Islam acknowledges Jesus as a historical figure and a great prophet, affirms the virgin birth, and points to a future role of Christ in judgment. Nevertheless, Islam explicitly denies that Jesus Christ is in any way begotten of the Father, that He died on the cross, and that He was raised from the dead.

These are merely the most obvious foundational contradictions between Christianity and Islam. Furthermore, these most obvious contradictions are affirmed by all major Christian denominations and both historic branches of Islam.

That doesn’t deter Rev. Redding one bit. “At the most basic level, I understand the two religions to be compatible. That’s all I need,” she says. The important point here is that “the most basic level” to which she points is a figment of her own fertile and heretical imagination.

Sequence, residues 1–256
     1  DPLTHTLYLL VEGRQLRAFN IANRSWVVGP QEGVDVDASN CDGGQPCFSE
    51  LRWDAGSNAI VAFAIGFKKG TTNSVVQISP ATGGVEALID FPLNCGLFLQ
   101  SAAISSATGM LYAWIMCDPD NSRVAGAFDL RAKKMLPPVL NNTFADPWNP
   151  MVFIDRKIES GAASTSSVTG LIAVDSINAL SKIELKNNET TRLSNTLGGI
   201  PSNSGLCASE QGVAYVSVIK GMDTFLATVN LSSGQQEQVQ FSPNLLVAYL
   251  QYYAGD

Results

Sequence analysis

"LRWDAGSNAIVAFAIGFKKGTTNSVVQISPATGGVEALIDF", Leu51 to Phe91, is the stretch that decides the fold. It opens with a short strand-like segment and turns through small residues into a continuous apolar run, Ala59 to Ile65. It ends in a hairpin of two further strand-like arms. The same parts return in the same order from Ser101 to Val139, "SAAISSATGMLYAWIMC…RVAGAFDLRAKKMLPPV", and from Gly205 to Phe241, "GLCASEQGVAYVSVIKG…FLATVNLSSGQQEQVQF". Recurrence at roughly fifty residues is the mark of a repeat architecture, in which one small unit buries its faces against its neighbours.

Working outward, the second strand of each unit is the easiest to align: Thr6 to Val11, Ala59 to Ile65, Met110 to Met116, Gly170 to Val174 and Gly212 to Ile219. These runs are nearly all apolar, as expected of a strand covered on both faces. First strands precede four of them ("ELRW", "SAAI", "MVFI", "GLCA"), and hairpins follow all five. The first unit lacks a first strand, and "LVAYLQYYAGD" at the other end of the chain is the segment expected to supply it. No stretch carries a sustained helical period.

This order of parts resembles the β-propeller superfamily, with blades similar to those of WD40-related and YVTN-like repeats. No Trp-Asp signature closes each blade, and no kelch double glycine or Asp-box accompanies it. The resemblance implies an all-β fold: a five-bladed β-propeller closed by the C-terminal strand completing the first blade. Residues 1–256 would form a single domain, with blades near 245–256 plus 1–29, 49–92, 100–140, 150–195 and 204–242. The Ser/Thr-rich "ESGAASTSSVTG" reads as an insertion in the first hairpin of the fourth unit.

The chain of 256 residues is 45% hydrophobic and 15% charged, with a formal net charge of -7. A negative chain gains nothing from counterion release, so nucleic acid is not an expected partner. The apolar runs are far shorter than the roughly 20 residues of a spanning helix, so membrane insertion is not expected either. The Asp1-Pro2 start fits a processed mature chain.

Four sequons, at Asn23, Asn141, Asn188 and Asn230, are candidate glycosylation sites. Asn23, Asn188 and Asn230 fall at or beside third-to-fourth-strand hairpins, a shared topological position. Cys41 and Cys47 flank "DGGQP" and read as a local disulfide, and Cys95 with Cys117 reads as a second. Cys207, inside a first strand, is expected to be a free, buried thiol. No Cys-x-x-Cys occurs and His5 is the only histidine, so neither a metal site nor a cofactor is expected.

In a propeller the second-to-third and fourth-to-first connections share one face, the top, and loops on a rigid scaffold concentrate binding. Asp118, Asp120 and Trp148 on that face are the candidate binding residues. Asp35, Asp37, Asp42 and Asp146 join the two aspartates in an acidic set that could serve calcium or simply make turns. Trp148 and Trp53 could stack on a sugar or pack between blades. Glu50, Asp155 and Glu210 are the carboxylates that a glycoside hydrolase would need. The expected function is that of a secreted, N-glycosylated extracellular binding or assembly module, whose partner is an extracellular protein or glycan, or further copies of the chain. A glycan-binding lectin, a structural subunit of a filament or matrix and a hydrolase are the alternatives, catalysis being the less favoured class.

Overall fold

I think this is a bad idea

I was surfing the ‘net today when I came across this article. Basically, Wade is saying he thinks messengers should be able to “vote” electronically at the SBC. I think it is a bad idea.

No, I don’t think it is bad because more people will get involved. I don’t think it is bad because of what the outcome may be. I think it is a bad idea for technology reasons (the same reasons I don’t like electronic voting machines and conducting public elections online). What happens if some hacker hacks the system? How will we know? How will we ensure that fraud doesn’t happen? The second reason is one of capacity: what happens the first year when 40,000 people try to vote for president and the system crashes? How will those votes be tallied? It happens (a classic example is the Victoria’s Secret fashion show online where demand was about 15bazillion times higher than anyone thought to plan for–they only planned for tripple or quadruple capactity–and everything went to pot).